- High Compensation without Revenues—Now That's a Problem
- Money Is Not Everything—But It's Pretty Darn Important
- Whatever Goes Up...
- Return without Risk: Not Bad if You Can Get It
- Want Growth? Just Acquire It
- CEOs May Serve Themselves First
- Management by the Numbers: Executive Compensation and Shareholder Return
- Highest Paid = Highest Performance? A Look at Business Week's Top 20
- CEO Influence: Examples of Style
- Lessons Learned?
- Do Senior Agents Represent Themselves More than Other Stakeholders?
- Incentive Orientation: Things Need to Change
Do Senior Agents Represent Themselves More than Other Stakeholders?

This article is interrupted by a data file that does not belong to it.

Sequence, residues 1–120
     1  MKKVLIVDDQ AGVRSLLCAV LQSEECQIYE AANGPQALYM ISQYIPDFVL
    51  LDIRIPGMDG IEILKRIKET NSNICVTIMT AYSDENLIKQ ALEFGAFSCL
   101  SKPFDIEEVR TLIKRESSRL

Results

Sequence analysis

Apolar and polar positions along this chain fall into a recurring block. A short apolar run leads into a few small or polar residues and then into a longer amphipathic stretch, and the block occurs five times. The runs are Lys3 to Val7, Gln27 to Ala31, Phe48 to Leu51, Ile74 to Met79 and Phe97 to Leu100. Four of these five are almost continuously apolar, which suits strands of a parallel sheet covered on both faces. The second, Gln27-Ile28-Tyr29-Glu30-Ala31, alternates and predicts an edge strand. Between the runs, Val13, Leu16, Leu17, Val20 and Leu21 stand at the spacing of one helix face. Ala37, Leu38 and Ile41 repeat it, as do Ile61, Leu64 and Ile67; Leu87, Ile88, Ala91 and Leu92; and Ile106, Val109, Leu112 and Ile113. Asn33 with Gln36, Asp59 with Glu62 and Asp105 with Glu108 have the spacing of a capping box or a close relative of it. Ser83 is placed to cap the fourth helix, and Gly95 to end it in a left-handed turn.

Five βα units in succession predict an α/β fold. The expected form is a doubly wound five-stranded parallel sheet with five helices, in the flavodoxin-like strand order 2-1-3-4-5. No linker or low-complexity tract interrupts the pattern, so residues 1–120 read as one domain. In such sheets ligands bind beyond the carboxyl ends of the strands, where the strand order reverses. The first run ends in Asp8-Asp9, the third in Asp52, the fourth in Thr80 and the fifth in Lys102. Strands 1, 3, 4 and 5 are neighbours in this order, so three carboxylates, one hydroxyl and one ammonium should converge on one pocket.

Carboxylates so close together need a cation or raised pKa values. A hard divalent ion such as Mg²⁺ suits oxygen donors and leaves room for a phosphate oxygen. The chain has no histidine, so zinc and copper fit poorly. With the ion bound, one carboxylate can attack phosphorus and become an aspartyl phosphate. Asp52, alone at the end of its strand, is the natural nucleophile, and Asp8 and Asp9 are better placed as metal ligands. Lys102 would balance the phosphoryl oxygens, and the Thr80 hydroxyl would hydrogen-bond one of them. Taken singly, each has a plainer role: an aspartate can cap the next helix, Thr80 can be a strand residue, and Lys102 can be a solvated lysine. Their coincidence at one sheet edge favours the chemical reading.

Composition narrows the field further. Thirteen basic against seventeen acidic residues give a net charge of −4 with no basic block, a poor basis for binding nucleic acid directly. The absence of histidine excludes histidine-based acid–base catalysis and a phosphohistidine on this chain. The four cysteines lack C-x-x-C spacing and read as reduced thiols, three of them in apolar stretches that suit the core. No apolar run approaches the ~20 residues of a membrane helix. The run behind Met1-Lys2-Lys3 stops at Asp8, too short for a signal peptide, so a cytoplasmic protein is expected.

Clearly, growth through acquisition was not the best path to increasing shareholder return, yet acquisitions continued at an aggressive pace for over a decade. This appears to be a problem of "Agency Costs" when agents for the firm consume corporate perquisites at the expense of other stakeholders.28 For example, managers may choose to fly first class or pay themselves large bonuses. Other agents, such as investment bankers, may drive deals to generate fees irrespective of whether value is created for their clients. In the case of the Daimler Chrysler merger, Goldman Sachs received a reported $65 million in fees, whereas CS First Boston received approximately $55 million.29 Other examples may include management that chooses to acquire companies for personal benefit. Management at the acquired firm often gets fired as part of the cost reductions with a horizontal (similar industry) consolidation. Thus, completely independent of cost savings or market share issues, management from the acquiring firm may believe that there is job security, as well as personal financial gain, to be found in buying other organizations.